Indeed, it is something to leave everyone astonished by such lack of common sense and cleverness. That is to say, if the limitations are not clearly specified, so are our noble (sic) Parliament members entitled to put their hands in the pot and distribute benefits (created by themselves) to their family and friends? They are very cocky. Will we now see a little shame and discretion in the decisions of our Parliament? If even the House's president felt it was correct to favour his people, what are the odds on this happening? We must keep an eye out. We want transparency now and so carry on yelling, via the media, so that the heavy taxes we pay are well spent… But in our favor, not for their own and their bindweed's benefit!

According to some deputies and senators, contrary to Temer's claim, there are actually clear rules: the tickets belong to them, for them to use the way the see it fit. Deputy Sílvio Costa, from Pernambuco, was among those most disgusted at the accusations of misuse, saying that when he became a deputy, he was told he “could use the tickets even to go to the moon”. Blogger Isaias Edson Sidney [pt] is so disgruntled that he has written an open letter to the deputy:

O senhor, ilustre deputado, declarou que (que se abram as aspas) quer dizer que agora eu venho a Brasília e minha mulher fica lá? Não é uma decisão correta. Foi uma decisão acuada da Mesa (que se fechem as aspas). Então, senhor Sílvio, o senhor quer que nós, contribuintes brasileiros, paguemos a estada de sua senhora em Brasília… porque o senhor não pode ficar alguns dias por semana sem ela… Que gracinha! Que amor de marido o senhor é, não? Não pode ficar nem um dia sem a patroa… desde que nós paguemos a conta, não é?

You, honorable gentleman, said (opening quotation marks) do you now mean that I come to Brasilia and my wife remains there? This is not right. It was a decision by a board under pressure (closing quotation marks). So Mr Sílvio, you want us, Brazilian taxpayers, to pay for your lady's stay in Brasilia… because you can not spend a few days a week without her… Cute! What a lovely husband you are, aren't you? You can not be a day without your wife… as long as we foot the bill, right?

With or without clear rules, bloggers think that many people lacked decorum. Pedro Dória [pt] was surprised to see the name of Fernando Gabeira, a champion of ethics who has had the blogosphere's support in elections, on the list of Parliament Members who passed on tickets to family members. He examines the deputies's apology where he confesses that he fell for the “Brazilian Patrimonialism Illusion”:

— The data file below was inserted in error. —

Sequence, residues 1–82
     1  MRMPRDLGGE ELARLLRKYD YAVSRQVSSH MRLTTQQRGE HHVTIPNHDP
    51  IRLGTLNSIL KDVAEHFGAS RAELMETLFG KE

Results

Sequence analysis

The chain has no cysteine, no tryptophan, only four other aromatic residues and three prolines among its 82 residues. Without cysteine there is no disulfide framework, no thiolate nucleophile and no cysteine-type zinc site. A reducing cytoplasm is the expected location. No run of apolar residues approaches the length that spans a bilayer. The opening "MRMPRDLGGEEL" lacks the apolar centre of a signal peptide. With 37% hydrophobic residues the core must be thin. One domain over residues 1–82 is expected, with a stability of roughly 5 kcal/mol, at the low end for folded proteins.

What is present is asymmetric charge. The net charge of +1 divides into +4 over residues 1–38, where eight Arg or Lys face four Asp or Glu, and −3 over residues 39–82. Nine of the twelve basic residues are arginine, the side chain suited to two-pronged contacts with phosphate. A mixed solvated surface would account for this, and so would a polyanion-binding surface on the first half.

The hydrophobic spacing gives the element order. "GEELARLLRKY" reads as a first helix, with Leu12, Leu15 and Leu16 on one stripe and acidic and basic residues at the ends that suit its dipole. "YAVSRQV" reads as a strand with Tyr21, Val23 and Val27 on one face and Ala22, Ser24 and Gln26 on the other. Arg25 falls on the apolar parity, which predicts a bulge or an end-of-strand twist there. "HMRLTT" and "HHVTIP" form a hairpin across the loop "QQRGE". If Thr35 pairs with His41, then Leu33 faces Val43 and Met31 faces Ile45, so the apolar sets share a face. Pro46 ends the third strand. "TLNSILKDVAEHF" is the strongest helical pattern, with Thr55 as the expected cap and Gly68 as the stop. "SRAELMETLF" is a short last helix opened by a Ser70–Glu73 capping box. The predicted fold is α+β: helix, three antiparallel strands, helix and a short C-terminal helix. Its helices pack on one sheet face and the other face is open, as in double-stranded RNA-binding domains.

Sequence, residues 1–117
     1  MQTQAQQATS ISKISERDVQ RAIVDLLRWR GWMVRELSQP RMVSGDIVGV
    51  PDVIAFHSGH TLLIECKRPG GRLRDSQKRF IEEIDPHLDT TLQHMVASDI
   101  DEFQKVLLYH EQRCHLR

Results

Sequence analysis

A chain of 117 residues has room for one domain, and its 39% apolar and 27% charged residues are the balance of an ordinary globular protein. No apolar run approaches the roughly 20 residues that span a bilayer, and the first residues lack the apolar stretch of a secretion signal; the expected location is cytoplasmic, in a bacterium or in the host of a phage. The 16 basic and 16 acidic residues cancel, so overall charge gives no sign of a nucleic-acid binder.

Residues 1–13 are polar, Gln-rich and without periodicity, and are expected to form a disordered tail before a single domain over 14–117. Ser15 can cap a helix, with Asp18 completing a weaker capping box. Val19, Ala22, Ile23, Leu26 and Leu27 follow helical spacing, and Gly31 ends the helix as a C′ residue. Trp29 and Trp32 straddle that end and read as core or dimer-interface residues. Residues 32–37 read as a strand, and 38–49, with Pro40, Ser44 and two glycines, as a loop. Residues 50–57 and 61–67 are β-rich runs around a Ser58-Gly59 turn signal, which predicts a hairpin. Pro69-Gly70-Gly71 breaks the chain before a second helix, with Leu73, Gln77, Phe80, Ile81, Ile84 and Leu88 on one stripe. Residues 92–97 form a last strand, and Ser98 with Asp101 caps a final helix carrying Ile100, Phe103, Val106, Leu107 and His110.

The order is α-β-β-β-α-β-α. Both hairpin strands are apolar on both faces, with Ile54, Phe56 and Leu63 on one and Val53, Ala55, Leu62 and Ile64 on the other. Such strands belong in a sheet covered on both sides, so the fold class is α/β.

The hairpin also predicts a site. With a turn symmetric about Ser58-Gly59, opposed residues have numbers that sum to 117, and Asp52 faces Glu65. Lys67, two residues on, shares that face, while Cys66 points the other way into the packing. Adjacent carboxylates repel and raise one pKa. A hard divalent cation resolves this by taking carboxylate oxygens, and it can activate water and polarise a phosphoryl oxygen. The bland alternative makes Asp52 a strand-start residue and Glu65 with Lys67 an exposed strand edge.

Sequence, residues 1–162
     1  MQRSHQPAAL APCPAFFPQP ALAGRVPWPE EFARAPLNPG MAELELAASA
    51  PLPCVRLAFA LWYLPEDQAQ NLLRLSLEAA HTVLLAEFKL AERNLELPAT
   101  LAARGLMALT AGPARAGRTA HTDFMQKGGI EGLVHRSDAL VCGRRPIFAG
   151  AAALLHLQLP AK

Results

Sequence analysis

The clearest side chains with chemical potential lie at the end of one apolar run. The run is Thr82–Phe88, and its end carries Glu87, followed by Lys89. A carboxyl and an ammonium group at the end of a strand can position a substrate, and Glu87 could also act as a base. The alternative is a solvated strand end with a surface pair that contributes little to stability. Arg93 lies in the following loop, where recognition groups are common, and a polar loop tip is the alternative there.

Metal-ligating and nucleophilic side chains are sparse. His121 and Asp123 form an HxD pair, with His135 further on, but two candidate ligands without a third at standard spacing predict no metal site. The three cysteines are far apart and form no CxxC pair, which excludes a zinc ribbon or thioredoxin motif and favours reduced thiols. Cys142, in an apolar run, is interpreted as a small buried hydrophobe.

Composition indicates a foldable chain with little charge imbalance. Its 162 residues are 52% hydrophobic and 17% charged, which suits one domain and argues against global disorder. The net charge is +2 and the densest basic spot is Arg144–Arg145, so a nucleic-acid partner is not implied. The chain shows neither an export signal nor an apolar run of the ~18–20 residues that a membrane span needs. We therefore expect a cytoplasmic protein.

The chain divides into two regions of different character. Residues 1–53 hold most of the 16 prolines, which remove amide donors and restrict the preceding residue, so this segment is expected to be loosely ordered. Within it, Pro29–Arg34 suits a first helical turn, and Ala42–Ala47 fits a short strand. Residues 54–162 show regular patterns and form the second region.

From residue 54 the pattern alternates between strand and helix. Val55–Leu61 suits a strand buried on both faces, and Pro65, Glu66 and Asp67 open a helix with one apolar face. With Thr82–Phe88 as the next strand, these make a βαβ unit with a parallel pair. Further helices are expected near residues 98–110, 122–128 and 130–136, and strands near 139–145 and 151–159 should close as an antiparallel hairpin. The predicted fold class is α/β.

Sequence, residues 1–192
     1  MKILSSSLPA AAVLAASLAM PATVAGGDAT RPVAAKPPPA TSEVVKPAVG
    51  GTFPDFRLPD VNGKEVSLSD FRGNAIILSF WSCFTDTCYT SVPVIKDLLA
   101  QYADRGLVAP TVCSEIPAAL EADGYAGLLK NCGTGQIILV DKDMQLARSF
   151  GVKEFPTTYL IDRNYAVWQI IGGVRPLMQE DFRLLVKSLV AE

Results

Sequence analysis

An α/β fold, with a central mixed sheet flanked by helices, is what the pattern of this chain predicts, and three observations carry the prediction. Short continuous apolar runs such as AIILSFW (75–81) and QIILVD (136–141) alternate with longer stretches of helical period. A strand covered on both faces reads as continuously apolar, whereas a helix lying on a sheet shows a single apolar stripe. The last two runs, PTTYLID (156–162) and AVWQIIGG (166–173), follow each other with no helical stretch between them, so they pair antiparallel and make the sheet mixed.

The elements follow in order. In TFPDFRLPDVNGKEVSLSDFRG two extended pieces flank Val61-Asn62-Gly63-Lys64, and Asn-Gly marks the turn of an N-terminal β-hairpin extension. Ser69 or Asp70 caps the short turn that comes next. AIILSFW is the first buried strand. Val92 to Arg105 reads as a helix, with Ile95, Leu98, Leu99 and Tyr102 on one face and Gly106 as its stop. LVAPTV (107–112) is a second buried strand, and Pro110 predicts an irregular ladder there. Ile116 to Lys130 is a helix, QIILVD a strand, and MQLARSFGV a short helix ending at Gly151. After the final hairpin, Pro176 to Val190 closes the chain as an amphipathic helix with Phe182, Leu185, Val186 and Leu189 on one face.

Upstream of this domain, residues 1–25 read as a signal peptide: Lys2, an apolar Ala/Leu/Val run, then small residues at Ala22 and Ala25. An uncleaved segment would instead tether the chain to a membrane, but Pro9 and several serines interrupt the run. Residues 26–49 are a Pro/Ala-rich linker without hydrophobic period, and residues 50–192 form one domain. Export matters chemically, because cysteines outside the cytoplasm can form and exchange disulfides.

“A ilusão de que o público é privado. É o deputado que se vê no direito de emitir uma passagem aérea para mulher e filhos passarem a semana em Nova York. É o carro oficial com motorista usado para assuntos não oficiais. Mas, observe aí em sua cidade: é o carro estacionado em cima da calçada. É o dono da cobertura que fez um puxadinho. É o botequim que avançou sobre o caminho do pedestre.

‘A ilusão patrimonialista brasileira.’ Grande frase. O que remete ao professor Bolívar Lamounier: No Brasil, somos todos corruptos.

Não que lhe sirva de desculpa, deputado. O senhor foi eleito, sua responsabilidade na condição de representante público é maior. Seu abuso do que é público custa mais à nação do que o abuso do cidadão comum. Custa não apenas em dinheiro: custa em exemplo, custa em esperanças, o preço que pagamos é em futuro.”

“The illusion that the public is private. It is the parliamentarian who thinks he is entitled to issue an airline ticket for his wife and children to spend the week in New York. It is the official car with driver used for unofficial business. Observe the same in your city: it is the car parked over the sidewalk. It is the owner of the top floor flat who builds an extra area on top. It is the bar that has advanced on the pedestrians path.

“The Brazilian Patrimonialism illusion”. Great headline. That refers us to professor Bolivar Lamounier: in Brazil, we are all corrupt.

Not that it serves as an excuse, Sir. You were elected, your responsibility is greater as a people's representative. Your abuse of the public [money] is much greater to the nation than the ordinary people's abuse. It costs not only money: it costs in examples, in costs in hopes, the price we pay is in future.